This is Daniel Garber at the Movies, each Friday morning, on CIUT 89.5 FM and on my website, culturalmining.com

Stolen. Films reviewed: Hustlers, The Goldfinch, The Vigil at #TIFF19!

Posted in Art, Crime, Death, Friendship, Horror, Judaism, Sex Trade, Women by CulturalMining.com on September 13, 2019

Hi, this is Daniel Garber at the Movies for culturalmining.com and CIUT 89.5 FM.

TIFF, the Toronto International Film Festival, winds up this weekend, so if you haven’t had a chnce to see anything yet, or maybe can’t afford to buy tickets, you should know theres a number of free screenings of the most popular film at TIFF, juried film winners, Midnight Madness and more on Sunday. This means you should go to tiff.net online on Sunday morning at 10 am, and you’ll have a good chance of getting a free ticket for later the same day.

This week I’m looking at three movie that premiered at TIFF: a horror story, and two dramas. There’s a boy who protects a priceless stolen painting, a group of women who steal from unconcscious men, and a man who sits beside a corpse… to make sure it doesn’t move.

Hustlers

Wri/Dir: Lorene Scafaria

Dorothy (Constance Wu) is a single mom with financial troubles who lives with her grandma in New York. She works as a dancer in strip bars under the stage name Destiny. When she lands a spot at bar that caters to wall street big shots she thinks her luck has changed. No dice, still struggling. That is until she meets Ramona (Jennifer Lopez). When Ramona’s on stage it rains money. She dances in high heels and fur coats. She’s intimidating and a bit scary, but Destiny reaches it to her for help. They hit it off as friend and Ramona takes Destiny under her wing. She learns how to shimmy down a pole upside down, how to conduct a proper lap dance, and howto keep the clients wanting. Life’s good but she’s still not earning the real big bucks. Until they think up a fool proof plan. Treat the biggest spenders to a serious party in a back room, drop some powder in their drinks, and then let yourself go wild on his company card. The client wakes up the next day with a hangover and $15 thou in charges, none the wiser. It works like a charm, and soon Destiny is swimming in furs. But how long will their good luck last?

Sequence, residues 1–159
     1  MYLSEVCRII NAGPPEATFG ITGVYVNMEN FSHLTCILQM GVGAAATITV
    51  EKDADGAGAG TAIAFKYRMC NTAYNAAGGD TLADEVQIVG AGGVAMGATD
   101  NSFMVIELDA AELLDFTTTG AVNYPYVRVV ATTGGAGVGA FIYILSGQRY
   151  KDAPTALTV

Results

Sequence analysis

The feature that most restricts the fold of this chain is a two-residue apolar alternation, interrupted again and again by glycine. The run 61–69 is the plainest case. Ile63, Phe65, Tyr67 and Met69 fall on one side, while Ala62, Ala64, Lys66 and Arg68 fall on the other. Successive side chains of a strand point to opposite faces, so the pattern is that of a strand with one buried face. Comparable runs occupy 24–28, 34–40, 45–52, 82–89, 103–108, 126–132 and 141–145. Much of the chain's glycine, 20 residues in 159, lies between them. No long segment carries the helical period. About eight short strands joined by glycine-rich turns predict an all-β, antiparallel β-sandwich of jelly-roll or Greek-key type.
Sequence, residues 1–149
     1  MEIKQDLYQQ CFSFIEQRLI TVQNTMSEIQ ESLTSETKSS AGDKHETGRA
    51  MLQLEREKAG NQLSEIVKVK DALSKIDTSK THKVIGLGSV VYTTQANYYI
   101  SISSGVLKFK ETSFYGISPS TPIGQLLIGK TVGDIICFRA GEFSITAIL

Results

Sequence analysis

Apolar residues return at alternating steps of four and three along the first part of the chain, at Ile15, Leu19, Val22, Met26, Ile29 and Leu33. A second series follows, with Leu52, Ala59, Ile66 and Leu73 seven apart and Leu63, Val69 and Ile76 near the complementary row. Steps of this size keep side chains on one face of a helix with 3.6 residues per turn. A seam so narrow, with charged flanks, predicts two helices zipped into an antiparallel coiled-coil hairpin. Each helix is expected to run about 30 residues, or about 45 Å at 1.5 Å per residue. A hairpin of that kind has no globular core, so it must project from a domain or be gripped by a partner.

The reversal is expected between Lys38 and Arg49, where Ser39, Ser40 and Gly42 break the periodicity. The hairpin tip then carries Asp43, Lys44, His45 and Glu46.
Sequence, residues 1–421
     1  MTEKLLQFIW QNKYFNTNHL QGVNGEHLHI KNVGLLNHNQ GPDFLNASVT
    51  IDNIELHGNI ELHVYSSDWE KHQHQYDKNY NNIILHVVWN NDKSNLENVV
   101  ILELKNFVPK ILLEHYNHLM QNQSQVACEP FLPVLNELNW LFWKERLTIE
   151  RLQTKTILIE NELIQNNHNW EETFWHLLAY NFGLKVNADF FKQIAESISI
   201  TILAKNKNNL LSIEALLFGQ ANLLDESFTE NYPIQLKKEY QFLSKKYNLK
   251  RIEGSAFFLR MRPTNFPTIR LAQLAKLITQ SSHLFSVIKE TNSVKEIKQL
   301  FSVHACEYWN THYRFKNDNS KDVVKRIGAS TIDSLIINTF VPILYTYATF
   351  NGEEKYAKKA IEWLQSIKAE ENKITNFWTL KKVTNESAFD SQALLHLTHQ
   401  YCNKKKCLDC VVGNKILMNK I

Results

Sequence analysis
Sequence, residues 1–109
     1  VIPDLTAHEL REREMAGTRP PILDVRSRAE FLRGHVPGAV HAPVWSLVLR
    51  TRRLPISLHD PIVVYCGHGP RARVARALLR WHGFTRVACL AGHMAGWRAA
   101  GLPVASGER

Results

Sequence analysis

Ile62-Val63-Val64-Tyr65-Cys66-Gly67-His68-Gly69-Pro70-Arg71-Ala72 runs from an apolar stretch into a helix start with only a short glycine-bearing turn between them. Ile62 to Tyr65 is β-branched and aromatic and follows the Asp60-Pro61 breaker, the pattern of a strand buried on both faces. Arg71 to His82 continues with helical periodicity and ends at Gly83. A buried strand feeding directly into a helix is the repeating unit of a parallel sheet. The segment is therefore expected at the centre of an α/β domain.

The Hustlers, (based on a New York Magazine article by Jessica Pressler), is an engaging drama about BFFs in the world of stripbars, and how they attempt to take back control. Constance Wu is nice as the main character, with J-Lo believable as the iconoclastic Ramona. The other characters, played by Cardi B, Lizzo, Keke Palmer and others keep the largely all-female cast interesting. I liked it but I didn’t love it. The problem is it’s too long, and doesn’t really know where it’s going. It sets up a rivalry between Destiny and Ramona that doesn’t pan out in the plot. And it unnecessarily frames the whole story within the context of a magazine article. Why? In Hustlers, the New York Magazine journalist is just a cipher, a sounding board for what you really want to see. But the rest of the story – while not the shocking expose it pretends to be – is still good as a realistic, inside look at sex workers’ private lives.

The Goldfinch

Dir: John Crowleyn (Based on the novel by Donna Tarte)

Theo (Oakes Fegley) is a precocious prepschool boy in New York. His life is turned upside down when he survives a terrorist bomb attack at the Metropolitan Museum of Art. That fateful explosion leaves him a penniless orphan holding a priceless painting that the world thinks was destroyed. It also points him to a small shop that restores antique furniture, and Pippa, the mysterious red-headed girl who was standing beside him when the bomb went off. When he bonds with a school friend he is taken under the wing of a one-percenter family headed by old-money matriarch Mrs Barbour (Nicole Kidman). Will he end up one of the family?

Later, he finds himself living in Las Vegas, in an eerily deserted neighbourhood with his actor Dad who abandoned him as a child. There he meets an over-the-top Russian kid named Boris (Finn Wolfhard) who leads him into a world of drugs and petty crime, but also pulls him out of his shell. But can that friendship endure?

Later still, as a young adult back in Manhattan (Ansel Elgort), Theo is on the verge of entersing high society when he rejoins friends from his childhood. And through it all, he is kept sane and grounded by the knowledge that he, and only he, possesses that priceless wooden painting of a little bird. But what would happen if the secret gets out?